Frozen Lemon-Ginger-Turmeric Shots


When hot water is poured over these frozen lemon-ginger-turmeric ice cubes, they melt to create a soothing hot beverage that's perfect for cold and flu season. Both ginger and turmeric are packed with anti-inflammatory compounds, which have been shown to support immunity. Bright, strong and punchy, you'll want to sip on this beverage all day long.

a recipe photo of the Frozen Lemon Ginger Shots with one popped out of an ice try and in a mug, getting hot water poured over it
Photo: Photographer: Morgan Hunt Glaze, Prop Stylist: Josh Hoggle, Food Stylist: Catherine Jessee
Active Time:
10 mins
Total Time:
1 hr 10 mins


  • 1 cup fresh lemon juice (from about 4 lemons)

  • ½ cup chopped fresh ginger (about 9 inches; see Tip)

  • 2 tablespoons chopped fresh turmeric (about 3 inches) or 2 teaspoons ground turmeric

  • 3 tablespoons honey

  • 1 tablespoon water

  • teaspoon cracked black pepper


  1. Combine lemon juice, ginger, turmeric, honey, water and pepper in a blender; process until smooth, 30 seconds to 1 minute.

  2. Strain the juice through a fine-mesh strainer into a large measuring cup, pressing solids with a spoon to extract juice; you should have about 1 cup of juice. Discard solids.

  3. Evenly pour the juice into a 9-ounce silicone ice cube tray. Freeze until solid, at least 1 hour.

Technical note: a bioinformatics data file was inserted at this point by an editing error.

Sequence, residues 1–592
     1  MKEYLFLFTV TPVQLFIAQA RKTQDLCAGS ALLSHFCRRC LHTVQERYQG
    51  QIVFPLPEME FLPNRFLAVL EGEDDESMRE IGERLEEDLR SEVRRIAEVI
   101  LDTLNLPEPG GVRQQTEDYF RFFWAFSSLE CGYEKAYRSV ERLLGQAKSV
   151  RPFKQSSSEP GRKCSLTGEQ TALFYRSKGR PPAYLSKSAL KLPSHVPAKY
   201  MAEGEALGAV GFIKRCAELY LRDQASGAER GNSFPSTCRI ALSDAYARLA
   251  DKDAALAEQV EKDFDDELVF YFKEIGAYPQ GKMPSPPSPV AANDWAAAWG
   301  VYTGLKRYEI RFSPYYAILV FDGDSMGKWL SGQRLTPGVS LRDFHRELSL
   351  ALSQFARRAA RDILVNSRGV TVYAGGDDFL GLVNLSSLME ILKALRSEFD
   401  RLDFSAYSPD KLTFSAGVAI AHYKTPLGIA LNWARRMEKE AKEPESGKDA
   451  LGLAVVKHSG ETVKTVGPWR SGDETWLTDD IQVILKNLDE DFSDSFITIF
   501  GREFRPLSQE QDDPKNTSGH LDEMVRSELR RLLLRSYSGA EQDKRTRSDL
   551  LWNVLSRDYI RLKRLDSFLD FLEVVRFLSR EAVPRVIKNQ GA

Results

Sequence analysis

4. To make 1 serving: Bring 8 ounces water to a boil. Place 1 frozen cube in a mug or heatproof glass; add the hot water. Serve immediately.


9-oz. silicone ice cube tray


Using peeled or unpeeled ginger is up to your preferences. Unpeeled ginger will yield a slightly pulpier drink, which can be skimmed off, if desired.

Nutrition Facts (per serving)

38 Calories
10g Carbs
Nutrition Facts
Servings Per Recipe 8
Serving Size 1 (1-oz.) cube
Calories 38
% Daily Value *
Total Carbohydrate 10g 4%
Total Sugars 8g
Vitamin A 2IU 0%
Vitamin C 11mg 12%
Folate 6mcg 2%
Sodium 1mg 0%
Calcium 3mg 0%
Magnesium 2mg 0%
Potassium 40mg 1%

Nutrition information is calculated by a registered dietitian using an ingredient database but should be considered an estimate.

* Daily Values (DVs) are the recommended amounts of nutrients to consume each day. Percent Daily Value (%DV) found on nutrition labels tells you how much a serving of a particular food or recipe contributes to each of those total recommended amounts. Per the Food and Drug Administration (FDA), the daily value is based on a standard 2,000 calorie diet. Depending on your calorie needs or if you have a health condition, you may need more or less of particular nutrients. (For example, it’s recommended that people following a heart-healthy diet eat less sodium on a daily basis compared to those following a standard diet.)

(-) Information is not currently available for this nutrient. If you are following a special diet for medical reasons, be sure to consult with your primary care provider or a registered dietitian to better understand your personal nutrition needs.

Related Articles